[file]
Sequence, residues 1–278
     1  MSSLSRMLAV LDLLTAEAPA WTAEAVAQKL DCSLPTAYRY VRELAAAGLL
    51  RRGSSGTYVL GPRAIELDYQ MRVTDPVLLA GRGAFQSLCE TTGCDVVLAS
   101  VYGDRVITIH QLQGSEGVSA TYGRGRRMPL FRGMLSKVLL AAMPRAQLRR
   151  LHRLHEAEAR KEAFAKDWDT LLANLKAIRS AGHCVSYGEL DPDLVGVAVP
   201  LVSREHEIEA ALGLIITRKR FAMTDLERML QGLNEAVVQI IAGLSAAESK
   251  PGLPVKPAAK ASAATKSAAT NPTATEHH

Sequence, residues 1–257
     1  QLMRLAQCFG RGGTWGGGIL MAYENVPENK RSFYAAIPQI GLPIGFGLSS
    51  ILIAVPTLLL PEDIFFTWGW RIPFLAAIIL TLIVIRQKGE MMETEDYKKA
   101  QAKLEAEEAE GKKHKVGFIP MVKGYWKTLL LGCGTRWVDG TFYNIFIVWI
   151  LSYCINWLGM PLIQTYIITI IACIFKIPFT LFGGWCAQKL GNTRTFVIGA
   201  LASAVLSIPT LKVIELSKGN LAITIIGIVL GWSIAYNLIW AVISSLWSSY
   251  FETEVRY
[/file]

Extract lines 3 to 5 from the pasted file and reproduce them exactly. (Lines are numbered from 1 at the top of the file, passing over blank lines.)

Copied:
    51  RRGSSGTYVL GPRAIELDYQ MRVTDPVLLA GRGAFQSLCE TTGCDVVLAS
   101  VYGDRVITIH QLQGSEGVSA TYGRGRRMPL FRGMLSKVLL AAMPRAQLRR
   151  LHRLHEAEAR KEAFAKDWDT LLANLKAIRS AGHCVSYGEL DPDLVGVAVP